are my peavey t-40's pickups killing compressors?

Discussion in 'Effects [BG]' started by bradbains, Apr 28, 2017.

  1. bradbains

    bradbains

    Mar 15, 2017
    b'ham, wa
    i've been thinking i'd like a compressor to use as an effect on some songs, rather than an "always on". so i've tried a few of the readily-available "good-for-the-price" pedals (mxr m87, e-h bass preacher, boss bc-1x, et cetera). i plug them in at the store (with a bass from the store) and they do everything they should: level out dynamics, fatten, squash... then i try them with my rig, with my peavey t-40, and it's like they're not even there. i'll "max out" the effect, and hear just a tiny difference.

    the guitar player in my band is amused by (and probably tired of) this search of mine, and he handed me his mxr dynacomp. "wouldn't it be funny if this is all you needed after all?" he said. nothin.

    most recently i got him to twirl knobs and push buttons as i played through an art mp/c, and we noticed that i could barely get a clear signal through the preamp -- it broke up almost *immediately* upon raising the gain. no "cool", no becoming "warm", then starting to break up -- just straight to dirt. the compressor/limiter section isn't too beefy, and didn't do much until maxed out.

    that's when he asked me the question that i'm bringing to you: are my pickups too hot/live/aggressive for compression?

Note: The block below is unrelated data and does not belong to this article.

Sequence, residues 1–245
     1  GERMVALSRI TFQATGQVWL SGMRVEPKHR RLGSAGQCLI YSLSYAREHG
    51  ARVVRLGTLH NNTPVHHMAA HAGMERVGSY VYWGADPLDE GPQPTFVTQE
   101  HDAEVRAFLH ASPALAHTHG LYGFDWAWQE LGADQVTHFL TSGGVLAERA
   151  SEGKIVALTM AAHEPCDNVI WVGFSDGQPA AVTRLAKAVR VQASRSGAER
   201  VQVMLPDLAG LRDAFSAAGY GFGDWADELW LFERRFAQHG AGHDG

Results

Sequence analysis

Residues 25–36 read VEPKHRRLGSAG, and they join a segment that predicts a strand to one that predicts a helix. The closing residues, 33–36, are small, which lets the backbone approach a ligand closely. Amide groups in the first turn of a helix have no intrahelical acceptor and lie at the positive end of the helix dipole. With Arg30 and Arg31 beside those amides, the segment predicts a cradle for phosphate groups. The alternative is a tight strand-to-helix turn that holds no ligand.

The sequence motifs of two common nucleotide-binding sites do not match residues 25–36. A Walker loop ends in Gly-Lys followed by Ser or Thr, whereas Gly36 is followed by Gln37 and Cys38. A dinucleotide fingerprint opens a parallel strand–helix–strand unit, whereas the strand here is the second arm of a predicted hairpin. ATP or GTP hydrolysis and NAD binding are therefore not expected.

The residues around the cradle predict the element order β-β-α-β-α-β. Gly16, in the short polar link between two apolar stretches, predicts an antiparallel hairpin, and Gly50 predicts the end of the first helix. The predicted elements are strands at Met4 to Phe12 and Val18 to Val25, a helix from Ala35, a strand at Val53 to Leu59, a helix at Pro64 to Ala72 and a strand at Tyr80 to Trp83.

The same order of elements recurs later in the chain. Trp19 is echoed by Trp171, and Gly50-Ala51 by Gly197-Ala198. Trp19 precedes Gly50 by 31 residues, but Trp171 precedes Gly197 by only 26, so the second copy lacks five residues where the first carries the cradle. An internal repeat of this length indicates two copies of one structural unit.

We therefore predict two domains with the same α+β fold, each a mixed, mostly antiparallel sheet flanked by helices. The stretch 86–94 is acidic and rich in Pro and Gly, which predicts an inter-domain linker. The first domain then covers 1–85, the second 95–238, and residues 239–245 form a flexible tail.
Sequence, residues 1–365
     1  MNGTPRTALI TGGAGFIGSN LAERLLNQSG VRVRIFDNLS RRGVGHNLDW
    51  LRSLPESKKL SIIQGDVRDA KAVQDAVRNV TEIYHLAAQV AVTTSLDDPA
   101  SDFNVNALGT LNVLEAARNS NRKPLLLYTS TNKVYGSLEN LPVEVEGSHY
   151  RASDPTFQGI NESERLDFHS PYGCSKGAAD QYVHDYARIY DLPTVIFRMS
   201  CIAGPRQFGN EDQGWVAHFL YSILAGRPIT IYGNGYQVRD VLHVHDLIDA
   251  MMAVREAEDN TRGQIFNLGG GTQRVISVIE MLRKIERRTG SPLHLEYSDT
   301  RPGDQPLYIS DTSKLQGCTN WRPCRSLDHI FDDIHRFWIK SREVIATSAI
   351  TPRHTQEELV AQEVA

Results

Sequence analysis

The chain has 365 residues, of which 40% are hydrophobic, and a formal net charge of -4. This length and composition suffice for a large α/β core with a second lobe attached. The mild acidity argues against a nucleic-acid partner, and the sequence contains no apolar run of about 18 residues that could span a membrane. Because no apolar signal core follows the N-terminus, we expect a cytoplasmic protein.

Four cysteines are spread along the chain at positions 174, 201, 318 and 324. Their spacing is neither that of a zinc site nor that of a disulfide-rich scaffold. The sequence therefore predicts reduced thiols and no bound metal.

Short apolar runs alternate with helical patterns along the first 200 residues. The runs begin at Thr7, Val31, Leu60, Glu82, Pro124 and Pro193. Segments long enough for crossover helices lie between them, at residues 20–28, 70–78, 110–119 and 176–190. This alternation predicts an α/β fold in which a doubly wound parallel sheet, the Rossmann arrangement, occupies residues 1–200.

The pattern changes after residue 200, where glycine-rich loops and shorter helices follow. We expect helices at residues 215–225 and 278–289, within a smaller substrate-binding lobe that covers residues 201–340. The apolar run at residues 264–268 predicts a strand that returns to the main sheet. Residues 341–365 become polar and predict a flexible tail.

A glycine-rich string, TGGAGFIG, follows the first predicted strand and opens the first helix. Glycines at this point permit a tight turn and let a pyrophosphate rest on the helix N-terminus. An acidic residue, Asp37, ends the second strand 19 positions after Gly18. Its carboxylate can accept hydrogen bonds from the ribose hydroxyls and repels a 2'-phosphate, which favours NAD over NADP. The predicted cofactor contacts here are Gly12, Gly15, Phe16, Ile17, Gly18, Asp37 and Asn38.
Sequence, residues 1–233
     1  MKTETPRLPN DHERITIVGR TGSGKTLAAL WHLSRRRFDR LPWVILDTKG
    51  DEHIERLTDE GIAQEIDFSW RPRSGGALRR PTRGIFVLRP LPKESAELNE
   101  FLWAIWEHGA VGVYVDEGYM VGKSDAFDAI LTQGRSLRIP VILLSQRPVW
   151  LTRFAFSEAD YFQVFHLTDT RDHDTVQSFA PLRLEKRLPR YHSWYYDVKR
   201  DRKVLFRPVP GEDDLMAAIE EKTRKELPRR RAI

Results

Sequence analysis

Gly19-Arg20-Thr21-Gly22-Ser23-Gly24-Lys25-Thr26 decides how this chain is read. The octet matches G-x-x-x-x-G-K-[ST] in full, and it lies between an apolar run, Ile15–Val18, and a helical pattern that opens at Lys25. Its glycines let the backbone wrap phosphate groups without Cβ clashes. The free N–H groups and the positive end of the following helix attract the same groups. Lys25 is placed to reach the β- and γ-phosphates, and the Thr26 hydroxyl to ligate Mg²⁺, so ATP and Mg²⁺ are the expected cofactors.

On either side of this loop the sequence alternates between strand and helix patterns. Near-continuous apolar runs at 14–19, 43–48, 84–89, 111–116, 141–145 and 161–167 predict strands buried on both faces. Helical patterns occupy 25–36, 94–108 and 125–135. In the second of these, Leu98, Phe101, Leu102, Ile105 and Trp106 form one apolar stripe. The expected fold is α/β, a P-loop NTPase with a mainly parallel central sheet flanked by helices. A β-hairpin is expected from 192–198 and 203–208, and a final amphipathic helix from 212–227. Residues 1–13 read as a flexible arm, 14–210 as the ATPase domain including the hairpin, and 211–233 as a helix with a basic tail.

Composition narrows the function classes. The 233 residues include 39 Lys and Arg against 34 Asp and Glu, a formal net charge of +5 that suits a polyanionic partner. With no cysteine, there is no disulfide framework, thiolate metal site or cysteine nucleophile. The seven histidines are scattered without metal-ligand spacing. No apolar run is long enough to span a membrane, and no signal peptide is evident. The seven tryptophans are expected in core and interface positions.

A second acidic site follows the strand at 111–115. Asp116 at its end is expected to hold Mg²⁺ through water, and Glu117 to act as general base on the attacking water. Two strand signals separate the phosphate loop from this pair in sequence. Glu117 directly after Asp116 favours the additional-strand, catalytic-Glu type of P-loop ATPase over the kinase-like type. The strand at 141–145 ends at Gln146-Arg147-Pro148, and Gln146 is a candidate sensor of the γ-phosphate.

2. Killed_by_Death

    Killed_by_Death Snaggletooth Inactive

    Have you tried turning the volume knob counterclockwise a little?

    Here's an interesting little bit about the treble cut knobs:

    upload_2017-4-28_14-4-23.png
     
    Last edited: Apr 28, 2017
  3. bongomania

    bongomania Supporting Member Commercial User

    Oct 17, 2005
    PDX, OR
    owner, OVNIFX and OVNILabs
    Most of what you're describing sounds like the output of the bass is too LOW, not too high. When you can't get any reaction from a "normal" compressor, odds are the signal you're feeding it is weak. The thing you describe with the MP/C distorting so early would seem like a counter example, however there are other causes of distortion, such as resonant peaks, bad wiring, incompatible ground planes, failing tubes, faulty cables, and anything else that may have changed in the setup besides what you described.

    As a test, borrow a standard J or P bass and play it through the exact same pedal and amp arrangement, same room and cables and everything. Then play your T-40 without changing anything at all else about the setup, and report back on the results.
     
    LSMFT6 likes this.
  4. filler83

    filler83 Supporting Member

    Jan 5, 2015
    Cleveland, OH
    I play a T-40 and have the problem that the pickups are high output, and it's hard for me to use some effects like overdrive. I tried several compressors over the last couple years (LMB-3, Milk Box, MXR M87, Keeley Bassist), and now have the Smoothie. It works well. Although I thought the LMB-3 and Keeley bassist worked well, too.
     
  5. bradbains

    bradbains

    Mar 15, 2017
    b'ham, wa
    @killed... i need an effect that works at all settings -- i don't want to have to adjust levels at the head when i stomp on the pedal.
    the coil split is a *great* feature, and prompted the guitarist i mentioned to mod one of his guitars the same way.

    @bongo... i thought about signal level, and have run a boost to see if i could "wake up" the compressor, but even without i *am* lighting up the leds -- which makes me think the unit is doing its thing, i just don't hear much. i haven't tried with a j or p -- i'll give it a shot early next week.